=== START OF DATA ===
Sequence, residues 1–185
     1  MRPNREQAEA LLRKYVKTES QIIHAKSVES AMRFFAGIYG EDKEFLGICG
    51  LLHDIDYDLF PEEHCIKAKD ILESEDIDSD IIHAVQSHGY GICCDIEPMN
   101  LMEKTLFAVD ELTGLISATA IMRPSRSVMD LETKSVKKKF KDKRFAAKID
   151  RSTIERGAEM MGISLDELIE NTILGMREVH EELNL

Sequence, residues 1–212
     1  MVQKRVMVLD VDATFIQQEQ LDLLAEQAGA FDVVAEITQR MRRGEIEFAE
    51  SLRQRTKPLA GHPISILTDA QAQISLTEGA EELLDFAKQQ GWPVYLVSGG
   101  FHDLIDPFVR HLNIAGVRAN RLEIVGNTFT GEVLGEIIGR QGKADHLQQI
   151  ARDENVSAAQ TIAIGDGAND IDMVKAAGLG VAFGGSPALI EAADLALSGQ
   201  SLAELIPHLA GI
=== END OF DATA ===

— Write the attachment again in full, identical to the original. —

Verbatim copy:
Sequence, residues 1–185
     1  MRPNREQAEA LLRKYVKTES QIIHAKSVES AMRFFAGIYG EDKEFLGICG
    51  LLHDIDYDLF PEEHCIKAKD ILESEDIDSD IIHAVQSHGY GICCDIEPMN
   101  LMEKTLFAVD ELTGLISATA IMRPSRSVMD LETKSVKKKF KDKRFAAKID
   151  RSTIERGAEM MGISLDELIE NTILGMREVH EELNL

Sequence, residues 1–212
     1  MVQKRVMVLD VDATFIQQEQ LDLLAEQAGA FDVVAEITQR MRRGEIEFAE
    51  SLRQRTKPLA GHPISILTDA QAQISLTEGA EELLDFAKQQ GWPVYLVSGG
   101  FHDLIDPFVR HLNIAGVRAN RLEIVGNTFT GEVLGEIIGR QGKADHLQQI
   151  ARDENVSAAQ TIAIGDGAND IDMVKAAGLG VAFGGSPALI EAADLALSGQ
   201  SLAELIPHLA GI